Disney Legend Floyd Norman has posted on his MrFun’s Blog about a recent visit to the Fox Theater, where Walt Disney’s Song of the South debuted on November 12, 1946:
That morning, I strolled through the lobby of the Fox theater and tried to feel what it must have been like on that evening back in . Though hardly perfect, Walt Disney and his creative team put a lot of love into “Song of the South.” Let’s hope that one day this amazing motion picture can be appreciated for what it is – rather than what some would like it to be.
His full post can be read here:
Mr. Norman was the first African-American animator at Walt Disney Studios. His work began in the late 1950s, and includes such classics as Sleeping Beauty, The Sword and the Stone, The Jungle Book, Robin Hood, and later The Little Mermaid, Monsters, Inc., and Toy Story 2. He was named a Disney Legend in 2007, joining the ranks of many animators who created some of my fondest childhood memories.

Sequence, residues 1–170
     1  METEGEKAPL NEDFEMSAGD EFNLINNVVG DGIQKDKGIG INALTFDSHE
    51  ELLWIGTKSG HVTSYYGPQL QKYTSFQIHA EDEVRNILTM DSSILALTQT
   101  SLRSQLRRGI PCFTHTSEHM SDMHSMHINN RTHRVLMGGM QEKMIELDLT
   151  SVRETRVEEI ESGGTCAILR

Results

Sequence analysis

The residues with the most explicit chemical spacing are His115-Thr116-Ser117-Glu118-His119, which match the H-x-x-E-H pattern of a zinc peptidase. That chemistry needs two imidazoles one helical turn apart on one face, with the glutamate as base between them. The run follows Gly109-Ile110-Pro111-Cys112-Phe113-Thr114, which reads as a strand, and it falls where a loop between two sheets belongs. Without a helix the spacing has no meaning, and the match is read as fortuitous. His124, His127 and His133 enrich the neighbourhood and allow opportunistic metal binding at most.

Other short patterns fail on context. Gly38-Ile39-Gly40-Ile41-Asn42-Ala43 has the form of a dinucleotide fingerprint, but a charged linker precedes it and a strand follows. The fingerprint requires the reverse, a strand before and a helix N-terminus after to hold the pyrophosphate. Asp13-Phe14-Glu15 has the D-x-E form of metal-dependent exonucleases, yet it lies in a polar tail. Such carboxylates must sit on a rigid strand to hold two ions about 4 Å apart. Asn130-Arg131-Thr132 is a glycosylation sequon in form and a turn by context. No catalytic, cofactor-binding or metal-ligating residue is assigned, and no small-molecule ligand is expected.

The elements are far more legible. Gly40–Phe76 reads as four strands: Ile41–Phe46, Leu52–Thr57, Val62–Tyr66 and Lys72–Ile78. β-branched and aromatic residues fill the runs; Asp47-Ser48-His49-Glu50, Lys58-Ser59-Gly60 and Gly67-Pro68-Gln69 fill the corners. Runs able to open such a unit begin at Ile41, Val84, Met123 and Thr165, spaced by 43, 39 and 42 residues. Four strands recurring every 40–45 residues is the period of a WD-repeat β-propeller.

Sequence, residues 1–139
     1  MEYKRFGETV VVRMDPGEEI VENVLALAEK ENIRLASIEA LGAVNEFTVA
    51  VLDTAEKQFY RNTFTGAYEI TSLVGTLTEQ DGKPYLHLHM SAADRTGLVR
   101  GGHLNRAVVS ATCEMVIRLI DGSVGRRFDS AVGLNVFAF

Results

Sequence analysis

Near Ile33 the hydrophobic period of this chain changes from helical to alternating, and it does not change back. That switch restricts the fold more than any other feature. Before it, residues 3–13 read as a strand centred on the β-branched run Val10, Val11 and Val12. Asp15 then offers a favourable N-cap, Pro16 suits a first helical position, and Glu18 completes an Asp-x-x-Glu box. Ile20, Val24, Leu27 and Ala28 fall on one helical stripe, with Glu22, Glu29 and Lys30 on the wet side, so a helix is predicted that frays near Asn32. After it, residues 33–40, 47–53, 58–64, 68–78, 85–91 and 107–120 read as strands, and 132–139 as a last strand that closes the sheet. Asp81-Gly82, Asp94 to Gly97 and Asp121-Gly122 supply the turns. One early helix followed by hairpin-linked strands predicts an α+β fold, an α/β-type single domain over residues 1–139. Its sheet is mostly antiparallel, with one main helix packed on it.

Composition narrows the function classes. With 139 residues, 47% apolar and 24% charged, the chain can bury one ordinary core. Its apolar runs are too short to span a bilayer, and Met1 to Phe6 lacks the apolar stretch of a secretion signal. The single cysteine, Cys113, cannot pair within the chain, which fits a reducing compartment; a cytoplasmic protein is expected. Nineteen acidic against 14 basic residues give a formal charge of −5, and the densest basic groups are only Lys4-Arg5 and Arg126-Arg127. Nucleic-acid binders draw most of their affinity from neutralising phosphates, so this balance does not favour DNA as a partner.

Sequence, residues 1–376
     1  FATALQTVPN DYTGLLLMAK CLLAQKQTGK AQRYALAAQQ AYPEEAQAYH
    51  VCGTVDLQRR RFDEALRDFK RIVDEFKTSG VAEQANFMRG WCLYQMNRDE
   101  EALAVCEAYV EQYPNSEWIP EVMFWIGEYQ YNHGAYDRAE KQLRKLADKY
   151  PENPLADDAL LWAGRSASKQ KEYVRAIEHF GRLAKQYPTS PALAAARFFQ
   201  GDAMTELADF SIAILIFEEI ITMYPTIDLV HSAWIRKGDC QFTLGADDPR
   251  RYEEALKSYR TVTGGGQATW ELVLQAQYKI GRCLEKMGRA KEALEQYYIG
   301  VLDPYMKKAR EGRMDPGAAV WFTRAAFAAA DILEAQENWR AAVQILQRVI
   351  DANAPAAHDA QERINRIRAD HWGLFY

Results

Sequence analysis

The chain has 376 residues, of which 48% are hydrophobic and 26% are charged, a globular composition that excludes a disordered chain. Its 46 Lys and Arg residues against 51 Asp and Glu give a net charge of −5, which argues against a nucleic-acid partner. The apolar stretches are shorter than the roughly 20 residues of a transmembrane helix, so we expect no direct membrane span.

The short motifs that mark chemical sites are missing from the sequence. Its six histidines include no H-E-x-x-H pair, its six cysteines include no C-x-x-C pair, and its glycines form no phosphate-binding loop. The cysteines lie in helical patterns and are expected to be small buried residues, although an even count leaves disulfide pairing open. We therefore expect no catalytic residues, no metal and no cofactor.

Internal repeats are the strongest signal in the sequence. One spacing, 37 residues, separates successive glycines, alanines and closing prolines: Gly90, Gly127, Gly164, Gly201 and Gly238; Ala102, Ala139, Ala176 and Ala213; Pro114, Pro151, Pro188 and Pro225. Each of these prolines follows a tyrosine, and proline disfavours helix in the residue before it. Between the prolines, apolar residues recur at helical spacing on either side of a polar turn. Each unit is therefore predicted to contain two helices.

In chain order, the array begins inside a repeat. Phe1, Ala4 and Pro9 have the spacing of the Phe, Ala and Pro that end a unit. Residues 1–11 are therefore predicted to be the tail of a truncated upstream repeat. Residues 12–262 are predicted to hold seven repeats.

Last month, Mr. Norman went on tour in Atlanta to promote his new book “Animated Life” and discuss Song of the South. His visit was partly sponsored by the Wren’s Nest, the official museum of Joel Chandler Harris, the author of the Uncle Remus stories from which Song of the South was based.
It’s especially heartening when Disney’s own animators encourage Song of the South to be released. Thank you Mr. Norman! And special thanks goes to Gavin for informing me of his post and to Ralph Ellis for letting me know about the tour.